Campaign Chairman Gary McAllister announced the total at Tuesday’s mid-campaign report meeting at the International Storytelling Center in Jonesborough, but tempered the news with a cautious look to the work still ahead.
While the figure puts the campaign approximately 25 percent ahead of the total raised at this point in last year’s campaign, McAllister said, “That was the easy part. The hard part will be getting that last one over goal. So we’ve got to keep working.”
McAllister said the United Way has become a passion for him since he agreed to chair this year’s campaign, a passion that parallels his answer to the many people at the businesses and organizations he has visited who ask him, “What is your goal this year for the United Way?”
“I tell them all the same thing, our goal is to change lives and make a difference for the people of Washington County.”
United Way President and CEO Kristan Ginnings said the agency has stepped up its efforts to make a broader impact in the community this year, adding five new agency program partners, which extends its roster of annually funded agencies from to 21, along with approximately 40 service programs.
“So this year we need your help more than ever,” she said. “Changing lives and making a difference is what we do every day. It’s our mission But we need your help.”
Less than two weeks away from Veterans Day, the meeting took on a military theme with the team members donating comfort items for delivery to residents of the domicilary at the Veterans Affairs Medical Center at Mountain Home and writing personal thank-you notes to the veterans who will receive them.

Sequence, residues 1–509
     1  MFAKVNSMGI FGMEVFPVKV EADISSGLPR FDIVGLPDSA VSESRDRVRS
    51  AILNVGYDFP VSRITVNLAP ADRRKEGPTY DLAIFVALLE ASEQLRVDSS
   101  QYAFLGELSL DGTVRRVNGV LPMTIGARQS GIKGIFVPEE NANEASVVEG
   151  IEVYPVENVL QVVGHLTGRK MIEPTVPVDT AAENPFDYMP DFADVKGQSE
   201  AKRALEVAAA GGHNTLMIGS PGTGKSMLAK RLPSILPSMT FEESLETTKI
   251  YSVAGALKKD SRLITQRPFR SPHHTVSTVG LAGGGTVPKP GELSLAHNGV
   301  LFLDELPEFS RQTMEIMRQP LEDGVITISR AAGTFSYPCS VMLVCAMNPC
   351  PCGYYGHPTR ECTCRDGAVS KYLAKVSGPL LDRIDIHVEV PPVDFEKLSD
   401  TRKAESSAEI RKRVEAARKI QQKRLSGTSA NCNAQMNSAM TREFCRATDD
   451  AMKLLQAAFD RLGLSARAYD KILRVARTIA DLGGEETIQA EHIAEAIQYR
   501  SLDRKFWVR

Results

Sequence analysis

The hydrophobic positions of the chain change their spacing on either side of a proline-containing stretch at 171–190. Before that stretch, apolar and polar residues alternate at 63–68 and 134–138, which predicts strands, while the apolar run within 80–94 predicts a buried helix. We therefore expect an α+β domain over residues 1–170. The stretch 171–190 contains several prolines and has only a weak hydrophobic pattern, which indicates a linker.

The guest speaker was J.W. Johnson of Erwin, father of Marine Staff Sgt. Jeremiah Johnsonm who was killed last year in a terrorist ambush in West Africa.
Johnson spoke about how his son had died fighting for people who are oppressed and encouraged the United Way team in its fight for people in their community.
“When you talk about United Way, you talk about how we come together for other people and for a greater cause of care and compassion,” he said.
“We are all blessed to have good jobs and to have money because there are many people in Washington County who have none. I’m asking you to search your heart and see if you can make a difference.”
More information about the campaign and the local human service agencies and programs it supports may be obtained by calling the United Way of Washington County at 423-220-1229 or online at unitedwayofwashingtoncountytn.org.
Email Sue Guinn Legg at [email protected] Follow her on Twitter @sueleggjcpress. Like her on Facebook at facebook.com/sueleggjcpress.